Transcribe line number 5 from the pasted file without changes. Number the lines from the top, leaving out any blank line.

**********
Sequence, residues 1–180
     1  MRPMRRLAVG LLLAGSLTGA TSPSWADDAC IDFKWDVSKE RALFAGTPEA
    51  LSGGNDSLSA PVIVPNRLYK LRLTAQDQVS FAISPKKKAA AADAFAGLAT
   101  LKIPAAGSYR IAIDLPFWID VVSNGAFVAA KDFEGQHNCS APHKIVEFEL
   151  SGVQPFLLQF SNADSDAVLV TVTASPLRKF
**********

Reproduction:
   151  SGVQPFLLQF SNADSDAVLV TVTASPLRKF